“I would love to have seen more of the community members here whose lives had not been touched by addiction,” said Donna Andelora, who lost her son, Joseph to overdose in 2012. “Unless you become knowledgeable about addiction and it hasn’t hit you or your family, most don’t understand or know that addiction is a disease. They think it’s a choice. The addictive brain is wired differently, and because of it, addiction is not a choice. We all need to be educated that no one is immune. It can hit any family.”
“It also would have been great to have more parents of teen-aged children here," Andelora continued. "To come and see that this happens to the average middle-class family in Wayne. They don’t come because they believe that this happens to somebody else. Just as I did, many years ago. I think awareness is getting better, more people are learning about it and prevention is better than it used to be, but we have a long way to go.”
“Addiction is a horrible stigma that still exists, and it shouldn’t," Jason Poloso, whose son Don died from an overdose, said. "Our son suffered from a disease. It was not a choice.”
Challenging everyone gathered to tell their stories of loss, as a way to provide a lesson to others, Wayne Detective Sergeant Jay Celentano said that each of them have "experienced a tragedy."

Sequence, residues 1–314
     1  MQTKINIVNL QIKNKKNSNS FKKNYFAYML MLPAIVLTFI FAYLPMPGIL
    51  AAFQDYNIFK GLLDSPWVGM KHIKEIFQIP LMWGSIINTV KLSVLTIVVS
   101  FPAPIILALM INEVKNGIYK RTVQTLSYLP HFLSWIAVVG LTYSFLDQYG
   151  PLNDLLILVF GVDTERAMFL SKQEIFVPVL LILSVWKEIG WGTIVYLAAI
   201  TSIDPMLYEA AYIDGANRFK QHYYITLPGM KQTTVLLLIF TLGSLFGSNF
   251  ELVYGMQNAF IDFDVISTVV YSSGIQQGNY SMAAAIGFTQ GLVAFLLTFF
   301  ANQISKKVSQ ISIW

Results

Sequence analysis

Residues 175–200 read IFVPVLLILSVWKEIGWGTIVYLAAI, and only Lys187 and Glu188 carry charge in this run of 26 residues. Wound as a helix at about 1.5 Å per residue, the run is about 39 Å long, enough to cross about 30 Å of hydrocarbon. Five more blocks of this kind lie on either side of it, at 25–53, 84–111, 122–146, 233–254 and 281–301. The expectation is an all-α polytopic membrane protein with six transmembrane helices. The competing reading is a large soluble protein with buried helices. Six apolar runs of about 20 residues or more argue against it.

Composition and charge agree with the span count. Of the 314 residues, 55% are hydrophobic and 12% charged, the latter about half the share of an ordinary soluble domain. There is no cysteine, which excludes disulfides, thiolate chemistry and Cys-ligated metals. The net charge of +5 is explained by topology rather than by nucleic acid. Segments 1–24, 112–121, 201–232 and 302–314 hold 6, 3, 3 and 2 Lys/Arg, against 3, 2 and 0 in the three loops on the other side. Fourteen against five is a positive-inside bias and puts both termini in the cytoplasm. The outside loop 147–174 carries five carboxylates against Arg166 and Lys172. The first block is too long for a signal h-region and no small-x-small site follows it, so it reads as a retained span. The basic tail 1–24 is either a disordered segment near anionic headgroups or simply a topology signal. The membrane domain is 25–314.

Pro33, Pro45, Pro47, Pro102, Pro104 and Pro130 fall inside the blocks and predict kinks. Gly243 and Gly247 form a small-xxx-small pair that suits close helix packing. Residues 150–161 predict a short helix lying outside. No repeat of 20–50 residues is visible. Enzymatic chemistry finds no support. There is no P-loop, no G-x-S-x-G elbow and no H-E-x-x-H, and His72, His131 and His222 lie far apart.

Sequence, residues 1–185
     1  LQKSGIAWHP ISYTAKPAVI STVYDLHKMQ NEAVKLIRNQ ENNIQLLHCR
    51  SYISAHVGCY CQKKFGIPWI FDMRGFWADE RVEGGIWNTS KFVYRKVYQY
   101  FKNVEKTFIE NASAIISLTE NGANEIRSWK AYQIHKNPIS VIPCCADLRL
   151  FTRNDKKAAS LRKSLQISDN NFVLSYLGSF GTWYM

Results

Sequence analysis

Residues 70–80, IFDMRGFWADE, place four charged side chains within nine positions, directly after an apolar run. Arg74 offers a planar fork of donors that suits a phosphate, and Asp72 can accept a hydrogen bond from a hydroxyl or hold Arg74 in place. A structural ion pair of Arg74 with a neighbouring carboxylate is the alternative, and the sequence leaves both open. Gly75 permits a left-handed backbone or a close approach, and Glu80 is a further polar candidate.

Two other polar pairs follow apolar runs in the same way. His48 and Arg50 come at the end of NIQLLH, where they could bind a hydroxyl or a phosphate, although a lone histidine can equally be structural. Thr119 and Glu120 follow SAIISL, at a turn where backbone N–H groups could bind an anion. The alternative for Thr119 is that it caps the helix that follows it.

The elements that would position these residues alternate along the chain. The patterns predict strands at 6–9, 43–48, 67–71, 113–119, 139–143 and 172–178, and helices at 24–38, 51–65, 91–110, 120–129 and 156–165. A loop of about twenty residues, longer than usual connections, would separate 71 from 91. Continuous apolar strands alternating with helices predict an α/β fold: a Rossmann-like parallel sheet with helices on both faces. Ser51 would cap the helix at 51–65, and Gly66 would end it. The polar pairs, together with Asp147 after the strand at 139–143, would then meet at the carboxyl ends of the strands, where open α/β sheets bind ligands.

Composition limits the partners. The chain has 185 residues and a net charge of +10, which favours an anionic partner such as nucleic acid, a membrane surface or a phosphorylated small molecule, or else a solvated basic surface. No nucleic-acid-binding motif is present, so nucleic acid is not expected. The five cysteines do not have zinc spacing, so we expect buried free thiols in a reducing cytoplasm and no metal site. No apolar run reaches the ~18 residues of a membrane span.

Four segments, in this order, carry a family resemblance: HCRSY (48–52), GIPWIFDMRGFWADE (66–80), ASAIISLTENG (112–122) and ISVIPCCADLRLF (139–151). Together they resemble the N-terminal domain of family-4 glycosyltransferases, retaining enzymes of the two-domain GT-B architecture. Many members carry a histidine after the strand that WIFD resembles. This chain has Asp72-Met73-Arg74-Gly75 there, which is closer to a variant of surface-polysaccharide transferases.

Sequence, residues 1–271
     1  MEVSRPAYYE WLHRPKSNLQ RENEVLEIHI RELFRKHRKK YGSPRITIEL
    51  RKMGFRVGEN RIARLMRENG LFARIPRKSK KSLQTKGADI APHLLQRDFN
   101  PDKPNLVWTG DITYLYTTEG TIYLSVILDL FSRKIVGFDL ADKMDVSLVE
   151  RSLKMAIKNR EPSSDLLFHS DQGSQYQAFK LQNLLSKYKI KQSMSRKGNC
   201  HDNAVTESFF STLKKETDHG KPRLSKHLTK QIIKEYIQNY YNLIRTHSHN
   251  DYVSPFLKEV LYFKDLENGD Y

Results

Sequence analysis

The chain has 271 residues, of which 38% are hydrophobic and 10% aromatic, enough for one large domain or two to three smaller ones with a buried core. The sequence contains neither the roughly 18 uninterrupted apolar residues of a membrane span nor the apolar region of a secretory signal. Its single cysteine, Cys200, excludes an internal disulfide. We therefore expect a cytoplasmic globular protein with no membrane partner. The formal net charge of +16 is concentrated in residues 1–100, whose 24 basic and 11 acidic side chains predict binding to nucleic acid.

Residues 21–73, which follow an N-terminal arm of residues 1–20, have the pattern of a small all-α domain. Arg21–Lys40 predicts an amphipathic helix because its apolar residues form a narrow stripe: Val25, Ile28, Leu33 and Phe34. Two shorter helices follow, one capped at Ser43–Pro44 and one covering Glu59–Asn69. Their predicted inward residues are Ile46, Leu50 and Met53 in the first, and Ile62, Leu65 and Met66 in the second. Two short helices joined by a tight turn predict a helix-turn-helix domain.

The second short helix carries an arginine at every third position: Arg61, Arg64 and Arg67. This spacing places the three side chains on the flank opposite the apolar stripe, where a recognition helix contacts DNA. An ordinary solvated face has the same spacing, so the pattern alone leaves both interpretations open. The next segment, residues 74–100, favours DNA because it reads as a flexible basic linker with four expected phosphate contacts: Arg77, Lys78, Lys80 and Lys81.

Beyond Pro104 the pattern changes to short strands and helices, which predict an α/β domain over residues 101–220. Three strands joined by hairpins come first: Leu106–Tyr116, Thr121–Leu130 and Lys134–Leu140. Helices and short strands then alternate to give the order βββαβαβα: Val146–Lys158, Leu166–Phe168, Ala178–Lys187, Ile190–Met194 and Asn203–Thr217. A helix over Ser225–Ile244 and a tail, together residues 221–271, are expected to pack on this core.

"You have an incredible story of loss. And the best lesson that anyone can ever learn is from you. Tell your story to as many people as you can. Because you don’t know who you will prevent from going down a road that can lead to a tragic ending.”
Lamenting the stigma around losing a loved on to overdose Bartlett reiterated that addiction is not a choice, and it's not isolated to any particular community.
"It’s a public health problem, not a personal moral failing," Bartlett said. "Yet, still, I imagine that there are places where it’s hard to talk about. But to come together with other parents that experienced it, it provides a sense of relief.”
The event, Bartlett said, was "incredibly uplifting and frustrating at the same time."
"It's uplifting because of the way people are coming together and making something positive out of their tragedy. But frustrating because, through our sheriff’s office, through our public health department, through our educational systems we are watching this epidemic continue. We are seeking ways to fight it and fighting it on all kinds of fronts, but there is always more to be done. The underlying tragedy is still there.”
Candles were lit by those in attendance and were held aloft in a moment of silence, as tears flowed.
“We’re here for you and love each and every one of you and we will honor the memory of those that were lost and that we will never, ever give up hope,” Vergano said as the ceremony closed.
There is an abundance of support for parents on the issue of addiction. The Wayne Alliance For The Prevention of Substance Abuse hold public meetings on the third Wednesday of every month at noon in the Health Room #2 in the municipal building. Their website is: www.waynetownship.com/alliance.
Wayne Alliance: 973-694-1800 x 3244
Wayne Police Department: 973-694-0600
Wayne Counseling and Family Services: 973-694-1234
Nar-Anon Family Groups: 800-477-6291
Addiction and Treatment Hotline: 844-276-2777
AA (Alcoholics Anonymous: 800-245-1377
NA (Narcotics Anonymous): 800-992-0401